The attention of the Daily Observer is drawn to a story carried in its June 18, 2019 edition headlined, NEC, Students Engage on Electoral Reform”. According to the story written by contributor Samuka Konneh, students from various high schools were, over the weekend, engaged in debates centered around electoral reform. The debates were organized by the Youth Media Action with support from USAID.
The Daily Observer welcomes this development and highlights such as a wake-up call to the National Elections Commission to strengthen its civic education and awareness program on measures being undertaken to advance electoral reform. It is also a wake-up call to the National Legislature to speed up the passage of relevant legislations to enhance the reform process.
Of key concern to the Daily Observer is the conduct of the national census which is a constitutional requirement relevant to the conduct of democratic elections. Based on a review of current arrangements, this newspaper is of the view, supported by evidence that some counties are underrepresented at the national legislature, while others are over-represented.
Such anomalies can rightly be attributed that Electoral Districts currently in use are an aberration ushered into existence during the transitional period and maintained during the 2011 elections, are a source of much of the electoral disputes seen in recent time.
The trucking of voters from one area to the next, for example, is facilitated by the Electoral District arrangement, which has no population threshold unlike the constituency arrangement which has a defined population and does not lend easily to trucking arrangements.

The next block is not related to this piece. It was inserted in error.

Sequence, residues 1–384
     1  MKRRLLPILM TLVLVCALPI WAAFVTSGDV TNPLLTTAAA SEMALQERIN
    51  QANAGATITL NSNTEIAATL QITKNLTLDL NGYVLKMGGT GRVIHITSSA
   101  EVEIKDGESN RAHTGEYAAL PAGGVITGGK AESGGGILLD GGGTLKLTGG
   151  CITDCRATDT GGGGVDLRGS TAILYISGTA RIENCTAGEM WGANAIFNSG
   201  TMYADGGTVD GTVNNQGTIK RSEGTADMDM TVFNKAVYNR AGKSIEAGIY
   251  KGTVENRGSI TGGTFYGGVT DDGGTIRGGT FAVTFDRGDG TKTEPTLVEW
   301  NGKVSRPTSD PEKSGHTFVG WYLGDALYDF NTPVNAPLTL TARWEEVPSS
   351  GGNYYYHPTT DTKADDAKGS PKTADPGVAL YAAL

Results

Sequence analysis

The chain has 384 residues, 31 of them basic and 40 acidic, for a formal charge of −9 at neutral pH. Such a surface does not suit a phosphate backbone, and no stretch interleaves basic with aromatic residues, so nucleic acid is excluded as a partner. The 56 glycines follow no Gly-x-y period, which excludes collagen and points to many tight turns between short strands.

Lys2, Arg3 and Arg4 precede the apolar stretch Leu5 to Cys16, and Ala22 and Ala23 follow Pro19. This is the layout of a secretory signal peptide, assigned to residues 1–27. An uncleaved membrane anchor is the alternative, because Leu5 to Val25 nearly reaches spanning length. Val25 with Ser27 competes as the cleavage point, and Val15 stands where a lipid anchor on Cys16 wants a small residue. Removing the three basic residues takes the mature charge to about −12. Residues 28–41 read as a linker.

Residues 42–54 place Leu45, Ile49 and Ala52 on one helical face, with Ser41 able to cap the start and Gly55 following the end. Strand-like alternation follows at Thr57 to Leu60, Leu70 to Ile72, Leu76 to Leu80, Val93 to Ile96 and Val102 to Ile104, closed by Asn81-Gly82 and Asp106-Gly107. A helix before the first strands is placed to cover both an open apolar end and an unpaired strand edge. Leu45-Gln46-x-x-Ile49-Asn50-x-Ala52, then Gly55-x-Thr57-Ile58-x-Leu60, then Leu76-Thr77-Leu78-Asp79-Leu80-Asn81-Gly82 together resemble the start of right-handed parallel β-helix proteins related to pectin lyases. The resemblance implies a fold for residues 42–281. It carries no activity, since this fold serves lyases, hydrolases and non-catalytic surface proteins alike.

According to Article 80 “c and d” of the Constitution of Liberia, elections are to be conducted on a constituency basis. It emphasizes that every citizen has the right to be registered in a constituency and that such citizen may change his constituency as may be prescribed by the Legislature.
Article c & d read as follows below:
(c): “Every Liberian citizen shall have the right to be registered in a constituency, and to vote in public elections only in the constituency where registered, either in person or by absentee ballot; provided that such citizen shall have the right to change his voting constituency as may be prescribed by the Legislature.
(d): Each constituency shall have an approximately equal population of 20,000, or such number of citizens as the legislature shall prescribe in keeping with population growth and movements as revealed by a national census; provided that the total number of electoral constituencies in the Republic shall not exceed one hundred.
It can be recalled that during the 2011 electoral period, several formal the requests from the National Elections Commission (NEC) to have the Legislature pass a new threshold limit for constituencies went unheeded in violation of Article 80 c & d of the Constitution. According to the Constitution, after the conduct of a national census, the country is to be divided into constituencies for planning and development purposes in addition to the holding of elections.